In this tutorial, we’ll show you how to produce a colourful nocturnal cityscape from a daytime shot by working entirely on the Raw file. The key tool you’ll need to be able to turn day into night is the Adjustment Brush. We’ll show you how to edit the brush’s attributes so that you can use washes of dark nocturnal blue to darken skies and add bright glowing colours to windows and signs. You’ll also discover how to use pins and masks to identify and modify particular strokes. As always, if you get stuck at any stage you can check out our video tutorial to see our techniques in action.
Use the image on the disc!
Despite Lightroom 4’s photo fixing pedigree, it can be used in a creative capacity, too George Cairns
Step-by-step Turn day into night Your genius george cairns George has been using Photoshop since the very start with version one, and remembers the dark days when it didn’t have layers! After a decade of teaching university students the joys of creative image editing, he extended his reach by writing regular Photoshop tutorials for magazines including Digital Camera and PhotoPlus.
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01 Import the image
Copy the start image ‘day_to_night_before.NEF’ to a folder on your hard drive. In Lightroom 4, go to File>Import Photos and Video. In the Source Panel on the left, browse to the folder containing your start image and tick the box by its thumbnail. Tick the Add button at the top of the window. Click Import.
02 Use the Loupe
Lightroom imports the shot into its Library module. Double-click the photo’s thumbnail to activate the Loupe view so that you can get a better look at the shot. Although the Quick Develop Panel on the right enables you to tweak colours and tones, it lacks the more powerful selective adjustment tools that you’ll need for a day-to-night makeover.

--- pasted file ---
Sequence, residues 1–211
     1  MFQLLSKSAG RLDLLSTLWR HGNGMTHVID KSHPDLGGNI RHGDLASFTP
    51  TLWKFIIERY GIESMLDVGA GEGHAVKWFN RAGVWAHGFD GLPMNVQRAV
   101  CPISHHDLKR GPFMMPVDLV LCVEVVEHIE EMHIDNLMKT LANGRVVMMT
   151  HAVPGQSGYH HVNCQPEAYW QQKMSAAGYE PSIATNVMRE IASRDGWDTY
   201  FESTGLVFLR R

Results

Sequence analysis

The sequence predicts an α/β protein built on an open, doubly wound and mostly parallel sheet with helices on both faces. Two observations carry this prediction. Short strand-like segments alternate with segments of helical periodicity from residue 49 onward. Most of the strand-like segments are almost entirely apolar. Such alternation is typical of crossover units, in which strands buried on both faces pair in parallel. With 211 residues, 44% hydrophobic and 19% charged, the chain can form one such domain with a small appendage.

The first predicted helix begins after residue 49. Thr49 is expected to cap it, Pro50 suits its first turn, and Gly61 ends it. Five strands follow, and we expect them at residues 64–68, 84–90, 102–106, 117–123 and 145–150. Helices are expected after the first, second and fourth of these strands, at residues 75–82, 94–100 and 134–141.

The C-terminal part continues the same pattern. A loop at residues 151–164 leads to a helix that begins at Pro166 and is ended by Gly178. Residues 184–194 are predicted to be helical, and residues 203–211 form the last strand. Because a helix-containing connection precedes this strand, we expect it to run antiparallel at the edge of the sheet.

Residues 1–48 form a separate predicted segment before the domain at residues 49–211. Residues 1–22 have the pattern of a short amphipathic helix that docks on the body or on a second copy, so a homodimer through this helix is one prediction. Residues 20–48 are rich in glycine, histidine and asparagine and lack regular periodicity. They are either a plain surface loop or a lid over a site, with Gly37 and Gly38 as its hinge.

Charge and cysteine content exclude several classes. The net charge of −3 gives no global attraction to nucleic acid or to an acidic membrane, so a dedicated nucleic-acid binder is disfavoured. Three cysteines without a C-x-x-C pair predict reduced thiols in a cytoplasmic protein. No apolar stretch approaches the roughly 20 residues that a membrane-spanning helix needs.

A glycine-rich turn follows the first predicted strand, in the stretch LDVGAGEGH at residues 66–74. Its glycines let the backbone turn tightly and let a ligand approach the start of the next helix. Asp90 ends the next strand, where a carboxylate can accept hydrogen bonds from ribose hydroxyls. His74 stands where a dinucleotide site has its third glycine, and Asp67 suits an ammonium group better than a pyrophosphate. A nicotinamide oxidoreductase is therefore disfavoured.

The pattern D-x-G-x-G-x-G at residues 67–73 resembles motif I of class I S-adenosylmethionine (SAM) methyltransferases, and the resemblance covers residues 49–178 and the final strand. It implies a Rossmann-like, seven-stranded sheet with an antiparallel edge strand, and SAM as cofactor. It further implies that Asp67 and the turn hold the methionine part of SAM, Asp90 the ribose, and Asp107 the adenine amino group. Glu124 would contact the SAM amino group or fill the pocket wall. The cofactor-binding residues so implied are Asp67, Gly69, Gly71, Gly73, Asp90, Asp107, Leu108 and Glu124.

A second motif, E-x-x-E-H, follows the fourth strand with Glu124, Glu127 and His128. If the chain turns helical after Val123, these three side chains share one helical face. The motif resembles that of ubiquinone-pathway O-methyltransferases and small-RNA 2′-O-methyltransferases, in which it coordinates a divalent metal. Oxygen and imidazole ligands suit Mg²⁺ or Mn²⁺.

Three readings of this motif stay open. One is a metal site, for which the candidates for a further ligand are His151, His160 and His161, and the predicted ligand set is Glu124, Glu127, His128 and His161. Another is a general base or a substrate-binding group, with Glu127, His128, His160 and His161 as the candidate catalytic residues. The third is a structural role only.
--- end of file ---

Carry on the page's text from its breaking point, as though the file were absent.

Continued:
Creative project Day to Night
the creative manual for all photoshop users
get the look
Use the Transform tool to create magical landscapes with a horizontal flip The complex patterns in the natural world throw up much more interesting shapes and textures than you could create from scratch in the digital realm. However, with Photoshop you can take a tree’s randomly twisted branches and bring some creative order to Mother Nature’s chaos. By selecting and copying a section of tree, then flipping it horizontally, you can create an image that triggers more
sinister connotations. By making the twisting branches become symmetrical, you can evoke thoughts of similar symmetrical forms in nature such as a spider’s legs and send a shiver through the viewer’s spine. Before we flip the image, we’ll show you how to creatively process it in Adobe Camera Raw. By working in Raw you can squeeze more colour and tonal information out of the image and produce a
higher quality image to boot. We’ll show you how to use Raw editing commands to increase the contrast between the branches and their surroundings to give the spidery shapes more impact. We’ll also demonstrate how to use the Raw editor’s split toning tools to add washes of atmospheric colour to the shot’s shadows and highlights. We’ll also complement the scene’s organic textures with some computer-generated filmic grain.
01 tWEAK TONES
05MAKE A SELECTION
06fLIP AND CROP
Go to File>Open and browse to the ‘woods_ before.dng’ start image. The digital negative will open up in the Adobe Camera Raw editor. Here, we can tweak colour and tone before getting creative in the standard Photoshop editor. Push Contrast up to +21 and drop Highlights to -22. Set Whites to -41 and increase Clarity to +23.
To add extra texture and atmosphere, click on the Effects tab. Set the Zoom Level at the bottom left of the Raw editor to 100% so that you can accurately assess the look of your grain. In the Grain section, push Amount up to 55 to add an organic filmic grain. Set Size to 35 and Roughness to 16.
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Click on the HSL/Grayscale tab and tick the Convert to Grayscale box. By default, the command adjusts the sliders to lighten or darken corresponding colours in the image. To create more contrast between the branches and their surroundings, increase the Greens slider to +9 and reduce Yellows to -33.
Now that you’ve tweaked the colour, tone and added grain, you’re ready to click Open Image to continue working with the standard Photoshop editor’s tools. Choose the Rectangular Marquee tool from the Tools Panel. Click and drag to select a section of tree at the left of the frame. Choose Edit>Copy to copy the selection.